“That’s crazy! That’s fucking weird,” says Ninja, genuinely taken aback. “I mean we’ve only been famous for a few weeks! They can make statues of us next to Mandela. Tourists can go and take photos of us with pigeon cack on our heads.”

Unsurprisingly, the guidebook’s author decided not to run an excerpt of Ninja’s infamous “Whatever Man” monologue from the “Enter the Ninja” video, in which he sneers, “I represent South African culture. In this place you get a lot of different things, Blacks, Whites, Coloureds, English, Afrikaans, Xhosa, Zulu, watookal. I’m like all these different things, all these different people, fucked into one person…” In a country still coming to terms with the apartheid era, Ninja seems unrepentant about broadcasting such a provocative socio-political statement.

“It’s just our style. People think too much,” the 35-year-old MC says between slurps of frothy pink milk. “We don’t really think that much about what we do, it’s just fun. The country’s run by black people and all kinds of different people live here – it’s like a fucked up cultural fruit salad. We’re really not a perfect rainbow nation. The racism is fucking old school, but in America it’s worse because it’s hidden, whereas here it’s out in the open. Here it was this massive philosophy, this huge wound – it was revealed and people poured medicine on it and it kind of got turned around. It’s boring to me cos everything’s fucking fine. I’m not a racist.”

“I am Afrikaans,” Yo-Landi continues, hugging her legs. “It wasn’t ever something that I thought about. Lots of people speak Afrikaans. It’s not a statement; it’s just a language that we use to communicate. It has its own flavour, it’s got its own slang. People laugh. People like it. They like us being open.”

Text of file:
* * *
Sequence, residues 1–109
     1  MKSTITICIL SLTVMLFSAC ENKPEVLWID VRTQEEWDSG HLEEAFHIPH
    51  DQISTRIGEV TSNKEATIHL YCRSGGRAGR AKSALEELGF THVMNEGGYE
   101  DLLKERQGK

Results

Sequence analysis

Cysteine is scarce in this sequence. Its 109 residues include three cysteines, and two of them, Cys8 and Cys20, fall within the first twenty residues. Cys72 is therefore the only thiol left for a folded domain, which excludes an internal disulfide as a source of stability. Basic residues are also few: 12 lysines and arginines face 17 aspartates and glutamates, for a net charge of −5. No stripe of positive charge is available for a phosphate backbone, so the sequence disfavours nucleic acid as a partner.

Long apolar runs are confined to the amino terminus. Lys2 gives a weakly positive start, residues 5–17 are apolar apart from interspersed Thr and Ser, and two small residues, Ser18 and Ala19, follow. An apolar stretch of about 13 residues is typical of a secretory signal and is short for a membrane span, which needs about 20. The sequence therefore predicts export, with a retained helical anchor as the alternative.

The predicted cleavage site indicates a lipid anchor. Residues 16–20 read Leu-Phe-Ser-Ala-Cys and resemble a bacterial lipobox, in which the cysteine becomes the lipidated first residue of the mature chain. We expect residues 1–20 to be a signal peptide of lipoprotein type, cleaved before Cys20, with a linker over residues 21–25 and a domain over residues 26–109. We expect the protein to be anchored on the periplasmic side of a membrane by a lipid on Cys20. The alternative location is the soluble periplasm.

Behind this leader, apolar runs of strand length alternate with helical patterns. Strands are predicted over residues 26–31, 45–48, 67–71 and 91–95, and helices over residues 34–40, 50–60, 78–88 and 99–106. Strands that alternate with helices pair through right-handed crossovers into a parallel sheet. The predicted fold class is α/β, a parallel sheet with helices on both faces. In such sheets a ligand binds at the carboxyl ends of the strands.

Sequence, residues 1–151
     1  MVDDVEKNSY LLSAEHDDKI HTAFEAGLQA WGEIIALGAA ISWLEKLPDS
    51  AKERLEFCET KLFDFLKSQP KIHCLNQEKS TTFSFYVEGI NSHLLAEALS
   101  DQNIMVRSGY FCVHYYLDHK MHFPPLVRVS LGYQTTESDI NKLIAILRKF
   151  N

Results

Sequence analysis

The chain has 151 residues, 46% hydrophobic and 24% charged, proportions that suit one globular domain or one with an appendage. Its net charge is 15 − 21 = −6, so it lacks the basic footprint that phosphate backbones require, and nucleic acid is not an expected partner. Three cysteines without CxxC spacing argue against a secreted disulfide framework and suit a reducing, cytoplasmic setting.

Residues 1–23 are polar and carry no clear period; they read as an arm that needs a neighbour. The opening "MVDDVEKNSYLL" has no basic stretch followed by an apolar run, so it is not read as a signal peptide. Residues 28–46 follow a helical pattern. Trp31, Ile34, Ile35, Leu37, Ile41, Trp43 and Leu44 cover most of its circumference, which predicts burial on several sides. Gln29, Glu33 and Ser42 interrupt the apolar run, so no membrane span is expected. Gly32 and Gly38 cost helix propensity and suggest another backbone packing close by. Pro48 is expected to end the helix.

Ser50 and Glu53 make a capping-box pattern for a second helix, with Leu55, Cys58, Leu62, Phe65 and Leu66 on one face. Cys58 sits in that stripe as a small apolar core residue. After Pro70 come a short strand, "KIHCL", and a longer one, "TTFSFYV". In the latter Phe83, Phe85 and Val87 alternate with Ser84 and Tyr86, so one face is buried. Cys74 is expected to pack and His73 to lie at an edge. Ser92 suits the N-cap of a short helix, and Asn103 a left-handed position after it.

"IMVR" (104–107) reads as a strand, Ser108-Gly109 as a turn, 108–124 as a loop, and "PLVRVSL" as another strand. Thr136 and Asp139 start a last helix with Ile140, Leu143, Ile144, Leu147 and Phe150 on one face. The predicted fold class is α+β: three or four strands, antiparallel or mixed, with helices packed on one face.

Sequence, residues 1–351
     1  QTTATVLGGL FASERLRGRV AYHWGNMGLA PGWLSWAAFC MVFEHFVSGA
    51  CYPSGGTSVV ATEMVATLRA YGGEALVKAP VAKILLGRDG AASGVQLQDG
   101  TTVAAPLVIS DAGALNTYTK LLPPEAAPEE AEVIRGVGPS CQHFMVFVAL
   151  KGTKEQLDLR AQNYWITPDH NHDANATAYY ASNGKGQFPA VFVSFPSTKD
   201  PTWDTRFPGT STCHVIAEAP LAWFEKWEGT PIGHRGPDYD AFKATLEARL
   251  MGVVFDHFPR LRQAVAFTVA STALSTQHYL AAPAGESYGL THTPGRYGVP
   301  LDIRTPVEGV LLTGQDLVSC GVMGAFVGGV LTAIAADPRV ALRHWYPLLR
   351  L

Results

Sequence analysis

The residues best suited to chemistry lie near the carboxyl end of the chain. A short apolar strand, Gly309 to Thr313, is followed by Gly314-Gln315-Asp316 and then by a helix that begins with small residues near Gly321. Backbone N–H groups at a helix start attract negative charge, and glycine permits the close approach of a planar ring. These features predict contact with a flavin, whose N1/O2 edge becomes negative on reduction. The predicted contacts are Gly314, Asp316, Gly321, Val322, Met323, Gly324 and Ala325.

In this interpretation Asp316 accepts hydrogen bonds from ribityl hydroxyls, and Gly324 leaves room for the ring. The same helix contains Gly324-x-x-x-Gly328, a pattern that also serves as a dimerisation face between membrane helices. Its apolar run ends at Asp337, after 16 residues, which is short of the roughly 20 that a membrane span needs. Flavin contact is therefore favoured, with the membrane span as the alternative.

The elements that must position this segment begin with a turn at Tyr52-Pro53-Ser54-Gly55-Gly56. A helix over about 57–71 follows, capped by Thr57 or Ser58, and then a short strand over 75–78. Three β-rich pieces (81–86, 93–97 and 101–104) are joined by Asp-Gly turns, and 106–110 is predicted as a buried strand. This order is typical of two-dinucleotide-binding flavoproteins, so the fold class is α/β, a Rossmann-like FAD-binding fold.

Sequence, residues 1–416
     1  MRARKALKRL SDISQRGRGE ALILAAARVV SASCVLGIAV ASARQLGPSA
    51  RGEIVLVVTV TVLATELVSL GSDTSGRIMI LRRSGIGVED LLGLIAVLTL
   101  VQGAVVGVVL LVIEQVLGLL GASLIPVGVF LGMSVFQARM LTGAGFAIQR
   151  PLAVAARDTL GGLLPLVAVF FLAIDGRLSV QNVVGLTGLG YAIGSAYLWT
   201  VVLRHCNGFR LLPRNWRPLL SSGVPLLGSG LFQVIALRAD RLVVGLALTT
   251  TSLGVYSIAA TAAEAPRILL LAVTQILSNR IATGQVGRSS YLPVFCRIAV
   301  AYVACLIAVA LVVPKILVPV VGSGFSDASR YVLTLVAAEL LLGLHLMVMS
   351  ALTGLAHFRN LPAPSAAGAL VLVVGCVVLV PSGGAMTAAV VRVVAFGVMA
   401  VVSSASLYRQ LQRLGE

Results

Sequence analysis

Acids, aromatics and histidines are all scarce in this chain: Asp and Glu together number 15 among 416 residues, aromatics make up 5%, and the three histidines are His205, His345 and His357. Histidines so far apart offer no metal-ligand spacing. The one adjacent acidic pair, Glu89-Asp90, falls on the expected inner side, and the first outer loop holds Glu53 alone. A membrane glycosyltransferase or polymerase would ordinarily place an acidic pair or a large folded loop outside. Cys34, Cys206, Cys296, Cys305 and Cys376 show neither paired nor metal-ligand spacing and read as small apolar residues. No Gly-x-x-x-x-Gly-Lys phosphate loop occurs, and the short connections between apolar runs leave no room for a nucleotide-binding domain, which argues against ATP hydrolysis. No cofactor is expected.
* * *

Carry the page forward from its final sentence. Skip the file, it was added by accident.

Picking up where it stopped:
One of the main reasons that Die Antwoord have blown up so quickly is because their videos play up to social stereotypes and walk a thin line between farce and performance art. In “Enter the Ninja” deformed progeria sufferer Leon Botha lip-syncs and pulls B-Boy poses, Yo-Landi strips out of a schoolgirl uniform and sings about being a butterfly, while Ninja raps infront of a Keith Haring-esque backdrop at a pace that would make the Blackout Crew shout for a rewind. In “Zef Side” they present a tongue-in-cheek vision of the “zef ” redneck lifestyle  –  a poor white township full of gap-toothed drunks, pimped out motorbikes, and, most memorably, Ninja dancing in slow-mo while Yo-Landi gazes adoringly at his man-junk flapping about in those Pink Floyd boxers. In short, most people don’t know if Die Antwoord is just one big joke.